Albert Thompson Comments on the Most Viral Moments of 2021


The tides of social media can be tricky to navigate. Consumers can be touchy about brand voices. Content may just fall flat with each social platform requiring its own tone and finesse. But sometimes, a brand hits a home run. We’ve rounded up the top five social media “slam dunks” from this year.


Brands (Taylor’s Version)

Taylor Swift’s latest album release was long awaited by her fans, and it seems that brands’ social teams were glad as well. Brands updated their Twitter handles to include “(Taylor’s Version)” or red scarf emojis. Many posted puns from her lyrics, including Panera and Taco Bell.


The Washington Post’s TikTok

The Post started making TikToks two years ago, featuring Dave Jorgenson, aka “The Washington Post TikTok guy.” The videos are simple takes or explainers on headline news stories, from Aaron Rodgers being “immunized” all the way to the latest infrastructure bill. There are also more straightforward, newscast-like videos, such as one about the Astroworld concert deaths. The content resonates with both younger and older audiences. The Post reached 1.1 million subscribers this year, and is even hiring more positions to support production.


McDonald’s Twitter feed

McDonald’s Twitter team has been hard at work. The brand has done several partnerships this year, including the BTS Meal, the Saweetie Meal and a partnership with FaZe Clan. The account has been quick to respond to fans in their lingo. For example, earlier this year McDonald’s changed its Twitter name to include a superscript “7”, in reference to the popular K-pop boy-band BTS. When a fan asked the brand for its “bias”, aka favorite band member, McDonald’s responded “OT7.” That stands for “One True 7,” meaning the Golden Arches loves all seven members equally and can’t choose a favorite.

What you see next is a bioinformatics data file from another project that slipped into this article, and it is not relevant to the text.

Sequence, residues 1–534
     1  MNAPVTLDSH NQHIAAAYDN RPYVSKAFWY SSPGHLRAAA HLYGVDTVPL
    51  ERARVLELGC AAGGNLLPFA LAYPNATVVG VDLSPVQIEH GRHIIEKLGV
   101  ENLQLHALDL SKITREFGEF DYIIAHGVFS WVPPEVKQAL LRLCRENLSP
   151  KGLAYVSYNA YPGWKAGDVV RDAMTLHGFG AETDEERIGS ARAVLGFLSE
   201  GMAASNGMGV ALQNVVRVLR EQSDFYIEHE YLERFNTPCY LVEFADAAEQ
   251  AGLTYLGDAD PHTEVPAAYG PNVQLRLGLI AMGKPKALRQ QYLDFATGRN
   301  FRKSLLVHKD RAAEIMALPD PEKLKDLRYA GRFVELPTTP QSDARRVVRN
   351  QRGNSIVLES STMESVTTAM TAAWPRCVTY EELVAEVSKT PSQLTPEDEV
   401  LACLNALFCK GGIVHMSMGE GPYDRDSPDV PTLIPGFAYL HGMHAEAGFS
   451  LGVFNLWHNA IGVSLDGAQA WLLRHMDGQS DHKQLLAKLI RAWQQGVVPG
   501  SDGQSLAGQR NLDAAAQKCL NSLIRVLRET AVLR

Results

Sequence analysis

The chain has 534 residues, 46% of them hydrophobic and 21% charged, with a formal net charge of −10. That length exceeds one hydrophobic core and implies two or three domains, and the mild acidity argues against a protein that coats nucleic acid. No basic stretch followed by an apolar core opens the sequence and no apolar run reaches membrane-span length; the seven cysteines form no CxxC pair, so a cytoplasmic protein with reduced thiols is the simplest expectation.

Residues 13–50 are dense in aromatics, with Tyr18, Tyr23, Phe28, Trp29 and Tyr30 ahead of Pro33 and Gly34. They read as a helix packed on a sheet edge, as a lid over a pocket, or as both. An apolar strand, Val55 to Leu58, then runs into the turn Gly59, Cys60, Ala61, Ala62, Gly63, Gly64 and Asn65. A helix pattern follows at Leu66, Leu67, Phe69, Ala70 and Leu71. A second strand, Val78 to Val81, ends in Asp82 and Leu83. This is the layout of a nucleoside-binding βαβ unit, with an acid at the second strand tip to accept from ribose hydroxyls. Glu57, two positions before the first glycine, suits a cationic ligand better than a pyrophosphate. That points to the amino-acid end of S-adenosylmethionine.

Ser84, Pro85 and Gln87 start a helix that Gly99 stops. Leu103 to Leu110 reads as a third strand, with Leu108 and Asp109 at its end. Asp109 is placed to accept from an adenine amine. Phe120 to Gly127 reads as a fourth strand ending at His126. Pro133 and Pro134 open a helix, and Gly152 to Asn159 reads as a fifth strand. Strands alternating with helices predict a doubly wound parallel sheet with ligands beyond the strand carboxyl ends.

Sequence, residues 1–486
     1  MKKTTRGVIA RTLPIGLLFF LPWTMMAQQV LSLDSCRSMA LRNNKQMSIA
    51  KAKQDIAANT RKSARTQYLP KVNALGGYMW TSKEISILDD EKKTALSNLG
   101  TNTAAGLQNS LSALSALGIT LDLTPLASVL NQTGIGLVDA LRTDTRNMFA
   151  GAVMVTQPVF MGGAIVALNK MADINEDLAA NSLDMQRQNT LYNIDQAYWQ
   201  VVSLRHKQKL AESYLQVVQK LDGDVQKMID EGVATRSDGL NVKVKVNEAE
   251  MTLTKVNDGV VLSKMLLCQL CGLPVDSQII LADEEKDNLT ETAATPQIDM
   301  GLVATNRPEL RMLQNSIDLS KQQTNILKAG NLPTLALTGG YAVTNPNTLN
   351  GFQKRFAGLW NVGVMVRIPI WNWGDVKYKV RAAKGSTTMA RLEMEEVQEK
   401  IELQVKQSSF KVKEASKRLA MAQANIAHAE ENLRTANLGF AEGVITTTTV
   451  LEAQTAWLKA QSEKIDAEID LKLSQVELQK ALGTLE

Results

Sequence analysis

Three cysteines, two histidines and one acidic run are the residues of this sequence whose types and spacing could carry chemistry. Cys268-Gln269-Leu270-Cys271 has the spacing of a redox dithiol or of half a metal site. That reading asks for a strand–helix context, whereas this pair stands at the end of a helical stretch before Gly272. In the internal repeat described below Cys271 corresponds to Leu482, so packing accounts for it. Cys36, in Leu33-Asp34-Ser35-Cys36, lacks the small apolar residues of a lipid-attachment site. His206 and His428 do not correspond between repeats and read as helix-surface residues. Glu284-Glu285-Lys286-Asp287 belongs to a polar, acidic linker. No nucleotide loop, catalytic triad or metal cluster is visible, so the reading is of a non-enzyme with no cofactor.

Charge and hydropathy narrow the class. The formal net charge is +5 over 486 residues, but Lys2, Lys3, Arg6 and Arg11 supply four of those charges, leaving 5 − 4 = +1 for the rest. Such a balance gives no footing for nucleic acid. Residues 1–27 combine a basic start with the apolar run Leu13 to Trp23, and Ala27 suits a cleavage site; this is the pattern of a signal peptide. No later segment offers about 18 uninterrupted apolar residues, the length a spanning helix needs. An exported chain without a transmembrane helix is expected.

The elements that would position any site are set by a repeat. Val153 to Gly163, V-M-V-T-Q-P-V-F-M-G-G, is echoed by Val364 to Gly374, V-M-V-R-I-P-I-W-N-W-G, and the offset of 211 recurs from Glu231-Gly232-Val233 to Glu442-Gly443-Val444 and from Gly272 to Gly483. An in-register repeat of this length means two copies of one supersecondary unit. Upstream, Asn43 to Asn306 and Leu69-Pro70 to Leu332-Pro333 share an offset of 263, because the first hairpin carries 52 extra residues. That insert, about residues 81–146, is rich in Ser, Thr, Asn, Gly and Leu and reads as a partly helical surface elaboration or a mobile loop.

A few months ago, esports organization FaZe Clan did a “FaZe member for a day” in celebration of the team winning the Call of Duty Championship. McDonald’s was one of the brands that joined in, organically changing itsTwitter name to “FaZe McDonald’s.”


Logo changes

If your brand has been mentioned in one of Emily Zugay’s videos, congratulations. The young designer and her deadpan humor have racked up 2 million followers on TikTok, and her brand logo videos regularly pull in millions of views. Zugay became known across social media teams after she “upgraded” the logos of major brands including Amazon, Sephora, and the Detroit Lions (aka the Detriot Lines). Brands are eager to have their logo done, filling the video comment sections with requests. Those who are lucky enough (or sponsor a video) often change their TikTok profile picture to her creation. “It is so uncommon for [these brands] to go off-script,” said Albert Thompson, managing director of digital at Walton Isaacson. “Allowing her to do it on a whim, and then adopting the logo, is unprecedented.”


Eos NSFW shave cream

Brands rarely get to pick when or how their product will go viral. Skincare company Eos learned this first hand earlier this year when it was featured in a TikTok by Carly Joy. In the video, Joy explains her personal shaving tips, including using Eos shaving cream to “bless your f#@%in cooch,” as she put it. Within a few days, Eos and its creative agency, Mischief @ No Fixed Address, made a prototype packaging of all of Eos’s shaving creams, changing the product name to “Cooch Blessing Cream.” The packaging included Joy’s instructions verbatim on the back for how to achieve a “smooth-ass hoo-hah.” Fans loved it, buying up the shaving cream both on the Eos website and on retail partner sites. Eos Chief Marketing Officer Soyoung Kang talked about how the brand’s TikTok strategy evolved after the viral hit.


Check out the creative ways brands connected with their consumers HERE.